Mazda Says No Rotary Coming, Quietly Files Patent That Claims Otherwise

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Sheesh, when will these heart-wrenching ups and downs stop?

It's the rumor that never dies: the one that mentions how Mazda will be hitting the market with a highly impractical but hugely appealing rotary engine to invoke nostalgia. And it seems to resurface. Every. Frigging. Year. And now, just months after getting a whiff of evidence that the Japanese automaker was still cooking up a modern rotary, which was then shot down by Mazda itself, DriveTribe comes to us with news of a patent that details a highly specific invention.


In this case, it's a start/stop system, similar to the one seen on many modern cars, but in this case, it's optimized for use on a rotary engine. The patent itself details how it will shut down the rotors "in a position that closes the intake port to ensure no fuel or exhaust emissions slip through the intake tract." As DriveTribe goes on to explain, rotary engines have no valves, making the blockage of an intake port crucial to enable a rotary engine to start and stop successfully. There's absolutely no reason for Mazda to file a patent like this if it has no rotary engine in the works, which should give enthusiastic fans a glimmer of hope that there actually is a rotary in the pipeline.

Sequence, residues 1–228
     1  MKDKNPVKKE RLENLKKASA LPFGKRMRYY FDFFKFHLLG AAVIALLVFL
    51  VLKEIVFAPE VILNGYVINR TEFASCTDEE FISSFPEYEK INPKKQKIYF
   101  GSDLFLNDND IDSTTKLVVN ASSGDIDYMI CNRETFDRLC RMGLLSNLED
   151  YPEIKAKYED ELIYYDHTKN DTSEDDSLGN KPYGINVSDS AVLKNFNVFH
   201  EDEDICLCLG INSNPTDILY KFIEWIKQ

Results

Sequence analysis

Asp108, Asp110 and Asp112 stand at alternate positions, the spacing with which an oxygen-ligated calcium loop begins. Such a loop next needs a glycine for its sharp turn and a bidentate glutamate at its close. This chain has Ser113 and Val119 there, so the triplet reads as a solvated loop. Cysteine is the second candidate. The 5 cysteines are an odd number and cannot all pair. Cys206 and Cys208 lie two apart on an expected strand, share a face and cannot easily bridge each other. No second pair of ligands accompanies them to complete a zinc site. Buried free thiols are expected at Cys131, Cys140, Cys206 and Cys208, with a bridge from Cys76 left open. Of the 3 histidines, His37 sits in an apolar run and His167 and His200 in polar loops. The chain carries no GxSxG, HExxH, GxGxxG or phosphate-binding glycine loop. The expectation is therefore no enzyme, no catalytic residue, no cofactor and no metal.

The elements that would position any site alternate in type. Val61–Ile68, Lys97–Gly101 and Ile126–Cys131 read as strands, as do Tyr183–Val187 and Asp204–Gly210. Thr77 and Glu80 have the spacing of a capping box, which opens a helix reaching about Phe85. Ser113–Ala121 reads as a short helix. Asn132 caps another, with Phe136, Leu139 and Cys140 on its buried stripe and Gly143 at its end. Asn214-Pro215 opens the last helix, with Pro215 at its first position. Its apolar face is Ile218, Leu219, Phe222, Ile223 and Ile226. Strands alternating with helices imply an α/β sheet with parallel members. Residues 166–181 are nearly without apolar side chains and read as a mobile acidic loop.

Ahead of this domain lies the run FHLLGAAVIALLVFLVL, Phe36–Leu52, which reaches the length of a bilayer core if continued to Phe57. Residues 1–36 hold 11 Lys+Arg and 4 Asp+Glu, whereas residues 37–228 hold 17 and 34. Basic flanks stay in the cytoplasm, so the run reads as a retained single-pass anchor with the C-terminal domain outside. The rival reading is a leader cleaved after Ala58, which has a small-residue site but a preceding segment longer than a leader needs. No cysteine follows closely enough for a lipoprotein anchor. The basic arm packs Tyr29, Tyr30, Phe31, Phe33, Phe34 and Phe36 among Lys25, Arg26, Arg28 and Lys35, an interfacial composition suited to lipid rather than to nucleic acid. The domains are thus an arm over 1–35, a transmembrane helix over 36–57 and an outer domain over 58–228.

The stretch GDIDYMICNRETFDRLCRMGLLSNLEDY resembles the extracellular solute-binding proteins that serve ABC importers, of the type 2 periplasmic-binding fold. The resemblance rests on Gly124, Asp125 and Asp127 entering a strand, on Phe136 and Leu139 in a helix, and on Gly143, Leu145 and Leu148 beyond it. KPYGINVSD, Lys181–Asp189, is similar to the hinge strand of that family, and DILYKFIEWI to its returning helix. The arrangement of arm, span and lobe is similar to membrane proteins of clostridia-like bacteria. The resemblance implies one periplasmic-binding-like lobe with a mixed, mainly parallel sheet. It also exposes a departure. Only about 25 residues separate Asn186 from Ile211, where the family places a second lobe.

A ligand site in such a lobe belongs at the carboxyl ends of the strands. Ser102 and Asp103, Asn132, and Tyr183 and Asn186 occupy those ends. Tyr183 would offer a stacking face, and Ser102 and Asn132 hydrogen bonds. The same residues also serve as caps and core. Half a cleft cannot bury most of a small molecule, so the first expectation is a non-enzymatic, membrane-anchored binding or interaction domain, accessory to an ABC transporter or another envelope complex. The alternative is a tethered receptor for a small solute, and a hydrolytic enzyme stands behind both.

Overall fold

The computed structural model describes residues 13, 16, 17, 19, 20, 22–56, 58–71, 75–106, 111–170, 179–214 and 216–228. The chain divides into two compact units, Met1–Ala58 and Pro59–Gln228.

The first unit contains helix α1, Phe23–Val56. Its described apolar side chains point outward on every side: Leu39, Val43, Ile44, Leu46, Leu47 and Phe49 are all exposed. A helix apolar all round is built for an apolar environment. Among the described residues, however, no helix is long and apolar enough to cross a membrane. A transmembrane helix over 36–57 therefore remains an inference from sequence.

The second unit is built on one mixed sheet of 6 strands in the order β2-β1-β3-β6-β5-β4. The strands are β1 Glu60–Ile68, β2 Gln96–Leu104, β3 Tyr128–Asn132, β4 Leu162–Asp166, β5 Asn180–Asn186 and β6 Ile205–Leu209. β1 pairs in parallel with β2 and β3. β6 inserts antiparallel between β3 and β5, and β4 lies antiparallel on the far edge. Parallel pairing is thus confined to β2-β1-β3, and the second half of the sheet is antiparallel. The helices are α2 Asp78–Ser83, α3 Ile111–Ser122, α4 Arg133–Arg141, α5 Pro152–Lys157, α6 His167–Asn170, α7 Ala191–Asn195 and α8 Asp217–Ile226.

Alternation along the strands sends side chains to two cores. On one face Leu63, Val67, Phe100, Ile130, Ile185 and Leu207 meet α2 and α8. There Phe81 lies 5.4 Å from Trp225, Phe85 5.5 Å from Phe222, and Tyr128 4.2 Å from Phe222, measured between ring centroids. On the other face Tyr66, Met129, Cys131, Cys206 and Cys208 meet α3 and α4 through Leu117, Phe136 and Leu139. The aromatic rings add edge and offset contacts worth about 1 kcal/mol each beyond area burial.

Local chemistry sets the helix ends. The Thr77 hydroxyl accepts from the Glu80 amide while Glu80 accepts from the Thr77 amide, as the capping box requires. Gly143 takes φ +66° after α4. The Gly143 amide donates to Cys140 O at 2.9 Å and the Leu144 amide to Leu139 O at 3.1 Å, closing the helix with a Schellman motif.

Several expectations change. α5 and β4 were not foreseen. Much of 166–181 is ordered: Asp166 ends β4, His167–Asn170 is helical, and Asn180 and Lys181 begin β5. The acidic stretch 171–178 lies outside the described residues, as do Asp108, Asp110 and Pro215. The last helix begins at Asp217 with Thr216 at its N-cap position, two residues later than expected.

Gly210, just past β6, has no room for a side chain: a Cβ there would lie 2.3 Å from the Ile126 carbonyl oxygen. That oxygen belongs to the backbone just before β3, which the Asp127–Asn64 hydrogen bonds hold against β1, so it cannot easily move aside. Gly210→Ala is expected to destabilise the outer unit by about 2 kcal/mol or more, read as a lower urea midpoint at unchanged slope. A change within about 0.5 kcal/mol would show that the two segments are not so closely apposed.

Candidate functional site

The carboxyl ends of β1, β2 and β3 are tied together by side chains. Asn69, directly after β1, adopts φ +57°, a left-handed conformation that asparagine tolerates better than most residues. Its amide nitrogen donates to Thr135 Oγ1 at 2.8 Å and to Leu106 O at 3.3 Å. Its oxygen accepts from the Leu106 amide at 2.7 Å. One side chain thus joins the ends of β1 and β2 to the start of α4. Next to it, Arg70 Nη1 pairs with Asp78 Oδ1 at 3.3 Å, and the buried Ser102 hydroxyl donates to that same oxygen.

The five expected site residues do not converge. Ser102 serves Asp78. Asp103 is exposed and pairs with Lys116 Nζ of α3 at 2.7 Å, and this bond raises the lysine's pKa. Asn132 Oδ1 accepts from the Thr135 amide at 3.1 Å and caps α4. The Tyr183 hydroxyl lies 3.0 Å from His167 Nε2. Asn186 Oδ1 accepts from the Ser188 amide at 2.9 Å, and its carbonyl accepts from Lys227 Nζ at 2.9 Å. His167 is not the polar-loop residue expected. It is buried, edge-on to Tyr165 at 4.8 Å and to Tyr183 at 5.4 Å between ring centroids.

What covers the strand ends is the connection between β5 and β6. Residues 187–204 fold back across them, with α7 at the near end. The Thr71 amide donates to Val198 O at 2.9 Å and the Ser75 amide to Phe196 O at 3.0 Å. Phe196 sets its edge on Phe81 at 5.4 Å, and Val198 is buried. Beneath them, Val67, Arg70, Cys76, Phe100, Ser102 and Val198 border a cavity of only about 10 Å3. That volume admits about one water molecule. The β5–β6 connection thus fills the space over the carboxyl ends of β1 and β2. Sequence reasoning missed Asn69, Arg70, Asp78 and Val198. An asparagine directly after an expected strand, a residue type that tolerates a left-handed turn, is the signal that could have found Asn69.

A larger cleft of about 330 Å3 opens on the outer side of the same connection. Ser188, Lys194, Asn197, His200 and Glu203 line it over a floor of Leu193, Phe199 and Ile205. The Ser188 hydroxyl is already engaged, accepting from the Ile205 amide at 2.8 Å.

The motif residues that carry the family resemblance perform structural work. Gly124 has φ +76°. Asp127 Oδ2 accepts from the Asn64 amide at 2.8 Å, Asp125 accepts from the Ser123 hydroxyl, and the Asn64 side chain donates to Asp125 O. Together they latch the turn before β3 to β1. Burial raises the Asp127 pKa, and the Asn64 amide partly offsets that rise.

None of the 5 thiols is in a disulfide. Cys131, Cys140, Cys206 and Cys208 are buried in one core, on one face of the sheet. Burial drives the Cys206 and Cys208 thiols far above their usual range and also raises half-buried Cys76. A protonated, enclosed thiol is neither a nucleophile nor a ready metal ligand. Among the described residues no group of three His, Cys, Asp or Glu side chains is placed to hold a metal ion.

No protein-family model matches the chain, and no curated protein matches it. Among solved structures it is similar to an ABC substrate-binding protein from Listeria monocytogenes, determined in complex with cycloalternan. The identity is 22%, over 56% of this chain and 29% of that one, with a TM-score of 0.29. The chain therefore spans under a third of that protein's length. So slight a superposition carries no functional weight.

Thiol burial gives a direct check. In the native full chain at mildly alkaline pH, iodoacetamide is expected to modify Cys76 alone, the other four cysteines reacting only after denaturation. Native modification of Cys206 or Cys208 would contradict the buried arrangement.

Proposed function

With automakers doing everything possible to build an engine that pollutes as little as it can, a rotary engine's inherently wasteful design makes no sense. A start/stop system could serve to quell some of that waste, but would have to be used in conjunction with other fuel-saving technologies to be viable. Which brings us to the other patent Mazda has drawn up. This one details a hybrid system, though unlike one in a Toyota Prius that feeds both gasoline and electrically-derived kinetic energy into the powertrain, this system is more of a battery-dominated one where the gasoline engine is used as a range extender.

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If an electric Mazda with a rotary range extender makes it to market, it would prove to be a bit of a cruel trick on the automaker's part, but at least it could claim that it's satisfied rotary fans to some extent. Don't hold your breath for this one. Or do, because we love to let our imaginations run wild too. Note: Mazda RX-Vision Concept pictured.

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